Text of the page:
New York Online Poker Bill Clears Senate Finance Committee, But Tougher Tests Await
Posted on: May 10, 2017, 12:00h.
Last updated on: May 10, 2017, 12:46h.
New York State’s online poker bill sailed through the Senate Finance Committee on Tuesday and now heads to the Senate floor for debate, and ultimately, we hope, a vote.
Senator John Bonacic’s (R-42nd) bill, S 3898, would legalize online poker as a game of skill, or specifically hold’em and omaha, which are deemed by the senator, apparently, to be the most skillful variants.
While that point may be ripe for debate, there was no pre-vote discussion at the committee on Tuesday, whose members approved the bill by 27-9.
While encouraging news for New York poker players who believe it is their birthright to remotely check-raise the living hell out of one another, the bill’s approval here should come as little surprise. It’s the Assembly we have to worry about.
Last year, S3898’s predecessor was approved emphatically in a full Senate vote, by a 53-5 margin, and there’s no reason to believe that Bonacic can’t secure similar support for an almost identical bill this year.
In the Assembly, though, it was a different story. It came unstuck miserably in the lower house; in fact, it wasn’t even debated, with its sponsor Assemblyman Gary Pretlow (D-89th) at one point wondering out loud whether poker was a game of skill at all.
Eyebrows were raised and Bonacic declared himself to be “confused” by Pretlow’s misgivings.
This year, though, having schlepped across the Hudson for a fact-finding mission in New Jersey, Pretlow has had his concerns laid to rest by the New Jersey Division of Gaming Enforcement and has declared himself to be fully behind the bill this year.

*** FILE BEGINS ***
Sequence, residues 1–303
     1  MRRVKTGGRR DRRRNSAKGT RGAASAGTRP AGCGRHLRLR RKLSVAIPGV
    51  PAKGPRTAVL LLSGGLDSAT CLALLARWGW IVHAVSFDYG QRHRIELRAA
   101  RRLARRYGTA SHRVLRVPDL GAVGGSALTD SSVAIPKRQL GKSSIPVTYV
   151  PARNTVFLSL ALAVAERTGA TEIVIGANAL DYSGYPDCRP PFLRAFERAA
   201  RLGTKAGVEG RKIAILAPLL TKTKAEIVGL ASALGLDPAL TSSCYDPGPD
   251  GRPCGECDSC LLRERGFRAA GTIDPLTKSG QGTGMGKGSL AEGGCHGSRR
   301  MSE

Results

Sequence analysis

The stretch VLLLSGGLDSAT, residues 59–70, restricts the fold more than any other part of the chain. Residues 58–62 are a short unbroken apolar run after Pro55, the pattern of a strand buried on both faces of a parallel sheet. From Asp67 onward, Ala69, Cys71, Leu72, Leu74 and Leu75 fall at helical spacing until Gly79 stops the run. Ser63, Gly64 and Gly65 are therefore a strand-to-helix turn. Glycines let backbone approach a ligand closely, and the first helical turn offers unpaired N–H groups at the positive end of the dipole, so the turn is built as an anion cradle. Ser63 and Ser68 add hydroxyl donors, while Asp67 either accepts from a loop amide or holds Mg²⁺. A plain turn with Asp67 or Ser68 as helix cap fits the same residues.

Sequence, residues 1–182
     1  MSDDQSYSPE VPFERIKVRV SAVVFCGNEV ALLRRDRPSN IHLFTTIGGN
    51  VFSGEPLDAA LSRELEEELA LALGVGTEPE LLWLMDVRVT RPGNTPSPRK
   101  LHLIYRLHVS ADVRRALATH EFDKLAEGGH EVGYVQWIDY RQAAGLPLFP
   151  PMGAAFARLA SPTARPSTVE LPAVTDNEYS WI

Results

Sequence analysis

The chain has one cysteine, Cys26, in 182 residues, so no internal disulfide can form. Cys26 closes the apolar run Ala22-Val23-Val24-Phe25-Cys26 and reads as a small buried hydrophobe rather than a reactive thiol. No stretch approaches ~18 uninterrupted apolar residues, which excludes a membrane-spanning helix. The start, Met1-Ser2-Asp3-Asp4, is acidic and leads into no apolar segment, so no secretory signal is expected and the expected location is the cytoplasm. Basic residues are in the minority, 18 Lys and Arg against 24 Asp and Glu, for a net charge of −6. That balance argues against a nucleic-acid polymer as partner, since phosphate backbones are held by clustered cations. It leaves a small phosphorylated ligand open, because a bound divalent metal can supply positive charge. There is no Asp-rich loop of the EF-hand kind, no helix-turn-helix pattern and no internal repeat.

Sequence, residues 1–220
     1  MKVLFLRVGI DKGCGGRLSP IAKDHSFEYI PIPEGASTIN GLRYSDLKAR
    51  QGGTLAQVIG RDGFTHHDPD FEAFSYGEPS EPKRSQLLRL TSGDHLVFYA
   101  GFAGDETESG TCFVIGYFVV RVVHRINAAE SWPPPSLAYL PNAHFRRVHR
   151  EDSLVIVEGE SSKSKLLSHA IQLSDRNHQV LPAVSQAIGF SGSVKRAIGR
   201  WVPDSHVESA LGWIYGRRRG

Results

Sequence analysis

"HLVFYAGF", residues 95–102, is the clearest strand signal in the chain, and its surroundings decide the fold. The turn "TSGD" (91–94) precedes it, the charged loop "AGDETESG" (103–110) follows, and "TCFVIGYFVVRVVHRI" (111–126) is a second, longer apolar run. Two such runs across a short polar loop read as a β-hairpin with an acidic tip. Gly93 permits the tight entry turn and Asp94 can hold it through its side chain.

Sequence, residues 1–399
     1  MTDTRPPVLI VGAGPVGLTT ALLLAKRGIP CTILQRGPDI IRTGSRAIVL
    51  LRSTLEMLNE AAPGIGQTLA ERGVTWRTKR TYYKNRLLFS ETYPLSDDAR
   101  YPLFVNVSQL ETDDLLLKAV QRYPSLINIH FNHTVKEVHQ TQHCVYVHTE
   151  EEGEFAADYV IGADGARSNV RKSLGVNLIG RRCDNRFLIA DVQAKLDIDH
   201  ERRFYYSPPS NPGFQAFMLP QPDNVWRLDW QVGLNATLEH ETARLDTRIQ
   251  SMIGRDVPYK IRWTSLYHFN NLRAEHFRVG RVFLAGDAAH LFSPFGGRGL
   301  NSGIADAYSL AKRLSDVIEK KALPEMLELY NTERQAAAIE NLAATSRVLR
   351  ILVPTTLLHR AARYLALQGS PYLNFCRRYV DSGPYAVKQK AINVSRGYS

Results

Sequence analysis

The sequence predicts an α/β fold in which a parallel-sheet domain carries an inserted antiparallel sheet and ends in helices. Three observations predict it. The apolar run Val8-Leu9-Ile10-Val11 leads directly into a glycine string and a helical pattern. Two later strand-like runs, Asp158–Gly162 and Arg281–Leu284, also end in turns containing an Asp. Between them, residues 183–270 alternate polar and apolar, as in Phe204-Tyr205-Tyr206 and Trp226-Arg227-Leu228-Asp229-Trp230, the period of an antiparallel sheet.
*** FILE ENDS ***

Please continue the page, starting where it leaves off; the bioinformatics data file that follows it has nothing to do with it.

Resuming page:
Nevertheless, it will need to work its way through three Assembly committees before it can go for a vote on the floor, which suggests the odds may be stacked against it.
“There are some individuals within the administration that are really opposed to this,” Pretlow announced ominously in February, although he also said he believes he can build the support to get it through.
Online poker’s chances may have been hindered over the past few years by the fact that the state has legalized commercial casino gaming.
The mood was that there would be no new gambling expansion at least until the new casinos were up and running. Now that they largely are, online poker’s odds may have improved.
It will, however, likely face opposition from the state’s tribal casino and the lawmakers who represent them. As the language of the bill stands, it would not limit online poker licensees to land-based casino operators and their partners.
This is the case in the states that have regulated online gambling elsewhere. Instead, any existing gambling licensees would qualify, such as video lottery gaming operators, for example.
Tribal operators, already unhappy about the new commercial casinos, will not be pleased.
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